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Old    Surf Addict (phathom)      Join Date: Jun 2013       06-30-2013, 2:27 PM Reply   
Hi, I'm new here and new to wakesurfing. I'll give you a little background first.
I'm a 28 and a bigger guy, about 5'11-6'0" and about 230-240lbs.
I have wakeboarded casually for the last 14 years, normally about a dozen times out a year, within the last 6 years, only been out once or twice a season. This season I have been getting out a lot more and it's just the beginning.
This year I was introduced to wake surfing when my friend bought a 92 Supra Sunsport. We go out at least once a week, if not more and go wakeboarding and wakesurfing.
We are surfing on a Broadcast 4'9 and a Fish 5'6.
We have the stock under seat ballast full as well as a fat sack on the rear floor, port side floor, and one in the bow. I believe we're about 1200lbs of ballast total.

Anyways we both new to the sport, he's been doing it a little longer, but I would like to get some pointers and advice from people who have been doing it more and can offer some sage wisdom in my direction.

Here is the youtube video of me yesterday. I was riding the Fish 5'6 and we had one person in the stern port seat other than the driver.

Old    Nick Wiersema (Chaos)      Join Date: Apr 2010       06-30-2013, 2:55 PM Reply   
Right off the bat you look to be traveling a bit too fast and you are too rear footed for the board. You need to get more comfortable with shifting more weight over your front foot.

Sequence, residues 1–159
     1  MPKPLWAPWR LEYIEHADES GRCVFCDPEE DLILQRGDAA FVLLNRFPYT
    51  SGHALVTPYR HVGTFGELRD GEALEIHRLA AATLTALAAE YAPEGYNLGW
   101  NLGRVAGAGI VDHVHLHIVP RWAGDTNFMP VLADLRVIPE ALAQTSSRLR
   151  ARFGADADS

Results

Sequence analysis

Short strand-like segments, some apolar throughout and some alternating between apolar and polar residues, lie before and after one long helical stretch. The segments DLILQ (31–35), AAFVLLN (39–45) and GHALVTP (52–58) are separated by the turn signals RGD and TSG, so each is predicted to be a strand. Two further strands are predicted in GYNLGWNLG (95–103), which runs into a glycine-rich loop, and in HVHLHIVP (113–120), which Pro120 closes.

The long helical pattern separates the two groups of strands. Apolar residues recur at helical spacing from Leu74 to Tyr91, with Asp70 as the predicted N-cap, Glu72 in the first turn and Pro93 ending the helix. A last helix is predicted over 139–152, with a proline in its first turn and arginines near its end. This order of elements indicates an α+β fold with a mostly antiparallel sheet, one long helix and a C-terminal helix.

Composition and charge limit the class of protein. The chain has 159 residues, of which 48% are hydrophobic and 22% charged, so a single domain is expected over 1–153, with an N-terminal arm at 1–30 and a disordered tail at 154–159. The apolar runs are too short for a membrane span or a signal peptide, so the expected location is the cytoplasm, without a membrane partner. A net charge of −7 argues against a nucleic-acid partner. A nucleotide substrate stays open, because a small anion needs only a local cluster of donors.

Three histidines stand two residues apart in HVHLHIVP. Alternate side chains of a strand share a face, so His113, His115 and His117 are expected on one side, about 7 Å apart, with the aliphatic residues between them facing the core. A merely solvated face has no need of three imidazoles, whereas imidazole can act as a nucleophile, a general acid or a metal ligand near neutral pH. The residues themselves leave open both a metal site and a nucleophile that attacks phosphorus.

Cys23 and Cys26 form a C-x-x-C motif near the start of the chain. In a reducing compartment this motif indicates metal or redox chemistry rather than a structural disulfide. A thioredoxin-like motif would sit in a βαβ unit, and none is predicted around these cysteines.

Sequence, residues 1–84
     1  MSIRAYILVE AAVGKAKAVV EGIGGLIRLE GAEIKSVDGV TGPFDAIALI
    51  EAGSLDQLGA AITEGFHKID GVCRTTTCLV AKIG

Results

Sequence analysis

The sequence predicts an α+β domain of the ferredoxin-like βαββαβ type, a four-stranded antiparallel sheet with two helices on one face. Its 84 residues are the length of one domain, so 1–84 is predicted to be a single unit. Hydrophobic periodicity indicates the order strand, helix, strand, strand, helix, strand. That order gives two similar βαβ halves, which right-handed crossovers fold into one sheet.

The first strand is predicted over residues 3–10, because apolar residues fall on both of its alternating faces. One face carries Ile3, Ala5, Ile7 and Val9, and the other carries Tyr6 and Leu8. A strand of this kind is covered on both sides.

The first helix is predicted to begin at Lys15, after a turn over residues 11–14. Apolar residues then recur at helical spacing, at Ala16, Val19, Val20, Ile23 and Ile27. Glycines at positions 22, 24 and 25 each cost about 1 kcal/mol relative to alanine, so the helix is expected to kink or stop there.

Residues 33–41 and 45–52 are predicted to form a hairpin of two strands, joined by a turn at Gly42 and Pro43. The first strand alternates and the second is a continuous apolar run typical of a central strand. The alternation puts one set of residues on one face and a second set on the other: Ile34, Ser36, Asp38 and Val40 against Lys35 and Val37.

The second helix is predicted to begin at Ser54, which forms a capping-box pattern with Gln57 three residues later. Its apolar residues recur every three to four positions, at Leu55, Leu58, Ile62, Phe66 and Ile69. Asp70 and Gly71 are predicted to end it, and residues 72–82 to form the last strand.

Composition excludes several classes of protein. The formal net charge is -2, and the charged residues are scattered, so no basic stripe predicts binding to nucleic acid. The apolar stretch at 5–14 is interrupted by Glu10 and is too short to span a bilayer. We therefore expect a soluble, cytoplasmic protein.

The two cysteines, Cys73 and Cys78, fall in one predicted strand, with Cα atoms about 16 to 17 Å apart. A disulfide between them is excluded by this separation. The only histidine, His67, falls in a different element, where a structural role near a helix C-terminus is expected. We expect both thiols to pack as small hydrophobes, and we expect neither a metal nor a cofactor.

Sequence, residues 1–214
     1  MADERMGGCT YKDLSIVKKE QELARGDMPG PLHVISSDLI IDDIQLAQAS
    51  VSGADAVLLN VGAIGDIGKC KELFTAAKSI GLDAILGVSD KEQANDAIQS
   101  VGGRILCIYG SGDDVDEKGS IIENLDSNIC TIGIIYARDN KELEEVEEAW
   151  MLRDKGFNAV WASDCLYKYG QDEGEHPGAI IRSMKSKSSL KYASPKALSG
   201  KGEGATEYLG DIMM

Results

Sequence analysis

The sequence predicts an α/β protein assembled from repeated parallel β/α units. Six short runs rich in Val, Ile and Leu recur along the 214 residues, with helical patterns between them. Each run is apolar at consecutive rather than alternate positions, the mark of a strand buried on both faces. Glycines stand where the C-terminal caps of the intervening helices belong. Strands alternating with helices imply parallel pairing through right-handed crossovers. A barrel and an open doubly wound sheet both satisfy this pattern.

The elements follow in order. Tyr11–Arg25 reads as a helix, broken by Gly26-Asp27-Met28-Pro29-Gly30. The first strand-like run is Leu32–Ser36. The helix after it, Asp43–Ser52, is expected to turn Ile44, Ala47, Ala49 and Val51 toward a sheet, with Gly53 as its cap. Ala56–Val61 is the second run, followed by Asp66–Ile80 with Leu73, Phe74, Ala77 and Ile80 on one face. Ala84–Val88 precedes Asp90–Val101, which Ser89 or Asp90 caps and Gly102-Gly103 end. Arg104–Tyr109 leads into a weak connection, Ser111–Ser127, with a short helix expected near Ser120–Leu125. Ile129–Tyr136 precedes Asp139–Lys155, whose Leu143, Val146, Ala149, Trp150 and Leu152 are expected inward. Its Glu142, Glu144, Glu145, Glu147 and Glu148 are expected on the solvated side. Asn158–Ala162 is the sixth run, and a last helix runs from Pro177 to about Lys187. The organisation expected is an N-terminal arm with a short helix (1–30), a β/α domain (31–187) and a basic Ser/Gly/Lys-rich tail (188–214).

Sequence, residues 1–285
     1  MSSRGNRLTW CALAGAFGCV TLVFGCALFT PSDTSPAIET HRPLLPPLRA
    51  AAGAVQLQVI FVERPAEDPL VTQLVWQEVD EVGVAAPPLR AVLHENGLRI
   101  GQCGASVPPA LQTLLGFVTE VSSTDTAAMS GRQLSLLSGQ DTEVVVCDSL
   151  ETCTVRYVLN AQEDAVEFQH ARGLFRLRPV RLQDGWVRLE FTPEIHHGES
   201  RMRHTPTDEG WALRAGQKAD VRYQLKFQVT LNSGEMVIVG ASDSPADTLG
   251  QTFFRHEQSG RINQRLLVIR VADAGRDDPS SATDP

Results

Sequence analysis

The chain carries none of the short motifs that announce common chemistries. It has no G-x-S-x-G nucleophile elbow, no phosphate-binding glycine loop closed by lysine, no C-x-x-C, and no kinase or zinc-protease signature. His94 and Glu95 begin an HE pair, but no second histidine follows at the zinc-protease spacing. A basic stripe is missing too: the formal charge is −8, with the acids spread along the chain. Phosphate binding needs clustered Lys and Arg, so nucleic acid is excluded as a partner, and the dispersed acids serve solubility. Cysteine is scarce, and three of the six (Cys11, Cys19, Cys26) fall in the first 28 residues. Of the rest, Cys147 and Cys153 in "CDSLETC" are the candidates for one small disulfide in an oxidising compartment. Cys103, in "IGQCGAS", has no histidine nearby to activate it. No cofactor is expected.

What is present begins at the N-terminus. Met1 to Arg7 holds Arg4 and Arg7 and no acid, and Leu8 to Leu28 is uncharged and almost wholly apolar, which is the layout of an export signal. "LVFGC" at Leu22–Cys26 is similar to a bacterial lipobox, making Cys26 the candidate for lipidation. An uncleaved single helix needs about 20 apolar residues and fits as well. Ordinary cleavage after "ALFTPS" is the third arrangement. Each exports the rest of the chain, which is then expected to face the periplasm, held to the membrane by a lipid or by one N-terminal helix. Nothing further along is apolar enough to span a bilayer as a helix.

There is quite a bit more, but this is a start.
Nick
Old    Surf Addict (phathom)      Join Date: Jun 2013       06-30-2013, 3:02 PM Reply   
Thanks for the reply. What speed is typically best for wakesurfing? Currently we have the perfect pass set to 10.5mph
Old    Russ Constable (Midnightv10)      Join Date: Feb 2012       06-30-2013, 3:13 PM Reply   
try not holding the rope with 2 hands, the rope should only be to get you up and then something to hang on too as you figure out your balance.. hold the rope with you left hand only and use your right hand to help balance yourself.. I would say your feet look positioned ok but you are definitely putting too much weight on your back foot.. try easing yourself into the pocket and then practice SLIGHT shifts in your weight forward and backward to get a feel for how your weight changes the speed of the board.. just do this for a while in a straight line. don't worry about making big slashes or riding up on top of the wave until you get a feel for the push of the wave...

10.5 is a good start for speed.. sounds like you have plenty of sacks for trying in different spots.. I think I would try not using any bow ballast. your wave may be a little shorter but it will be taller and stronger..
Old    Seahawks #1 Fan Robert T (cwb4me)      Join Date: Apr 2010       06-30-2013, 4:35 PM Reply